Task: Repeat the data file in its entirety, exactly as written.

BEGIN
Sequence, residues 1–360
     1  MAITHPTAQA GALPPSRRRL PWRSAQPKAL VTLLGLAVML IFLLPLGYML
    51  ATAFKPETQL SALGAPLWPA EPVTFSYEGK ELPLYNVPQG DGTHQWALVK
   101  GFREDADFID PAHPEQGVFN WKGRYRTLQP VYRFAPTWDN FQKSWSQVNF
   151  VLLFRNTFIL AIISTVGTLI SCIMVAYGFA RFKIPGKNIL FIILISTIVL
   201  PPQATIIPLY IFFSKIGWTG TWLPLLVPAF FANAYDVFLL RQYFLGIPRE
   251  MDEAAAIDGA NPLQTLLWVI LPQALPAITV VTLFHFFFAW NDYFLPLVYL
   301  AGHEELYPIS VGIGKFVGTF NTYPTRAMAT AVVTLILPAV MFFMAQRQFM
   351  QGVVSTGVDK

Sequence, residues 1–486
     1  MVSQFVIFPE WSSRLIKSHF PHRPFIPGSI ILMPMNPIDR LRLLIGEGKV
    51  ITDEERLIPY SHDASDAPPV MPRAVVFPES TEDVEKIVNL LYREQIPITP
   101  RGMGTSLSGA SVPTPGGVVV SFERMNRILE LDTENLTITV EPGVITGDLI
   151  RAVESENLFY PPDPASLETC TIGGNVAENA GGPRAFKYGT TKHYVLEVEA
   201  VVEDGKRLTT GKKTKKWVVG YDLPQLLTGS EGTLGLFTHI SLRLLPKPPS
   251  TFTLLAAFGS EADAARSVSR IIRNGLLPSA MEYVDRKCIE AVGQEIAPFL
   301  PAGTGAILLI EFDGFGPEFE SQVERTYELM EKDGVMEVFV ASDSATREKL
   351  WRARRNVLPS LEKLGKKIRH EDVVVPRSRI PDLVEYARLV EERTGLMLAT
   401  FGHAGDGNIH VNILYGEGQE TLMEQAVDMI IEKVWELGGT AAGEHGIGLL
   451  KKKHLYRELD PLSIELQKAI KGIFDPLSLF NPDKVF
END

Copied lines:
Sequence, residues 1–360
     1  MAITHPTAQA GALPPSRRRL PWRSAQPKAL VTLLGLAVML IFLLPLGYML
    51  ATAFKPETQL SALGAPLWPA EPVTFSYEGK ELPLYNVPQG DGTHQWALVK
   101  GFREDADFID PAHPEQGVFN WKGRYRTLQP VYRFAPTWDN FQKSWSQVNF
   151  VLLFRNTFIL AIISTVGTLI SCIMVAYGFA RFKIPGKNIL FIILISTIVL
   201  PPQATIIPLY IFFSKIGWTG TWLPLLVPAF FANAYDVFLL RQYFLGIPRE
   251  MDEAAAIDGA NPLQTLLWVI LPQALPAITV VTLFHFFFAW NDYFLPLVYL
   301  AGHEELYPIS VGIGKFVGTF NTYPTRAMAT AVVTLILPAV MFFMAQRQFM
   351  QGVVSTGVDK

Sequence, residues 1–486
     1  MVSQFVIFPE WSSRLIKSHF PHRPFIPGSI ILMPMNPIDR LRLLIGEGKV
    51  ITDEERLIPY SHDASDAPPV MPRAVVFPES TEDVEKIVNL LYREQIPITP
   101  RGMGTSLSGA SVPTPGGVVV SFERMNRILE LDTENLTITV EPGVITGDLI
   151  RAVESENLFY PPDPASLETC TIGGNVAENA GGPRAFKYGT TKHYVLEVEA
   201  VVEDGKRLTT GKKTKKWVVG YDLPQLLTGS EGTLGLFTHI SLRLLPKPPS
   251  TFTLLAAFGS EADAARSVSR IIRNGLLPSA MEYVDRKCIE AVGQEIAPFL
   301  PAGTGAILLI EFDGFGPEFE SQVERTYELM EKDGVMEVFV ASDSATREKL
   351  WRARRNVLPS LEKLGKKIRH EDVVVPRSRI PDLVEYARLV EERTGLMLAT
   401  FGHAGDGNIH VNILYGEGQE TLMEQAVDMI IEKVWELGGT AAGEHGIGLL
   451  KKKHLYRELD PLSIELQKAI KGIFDPLSLF NPDKVF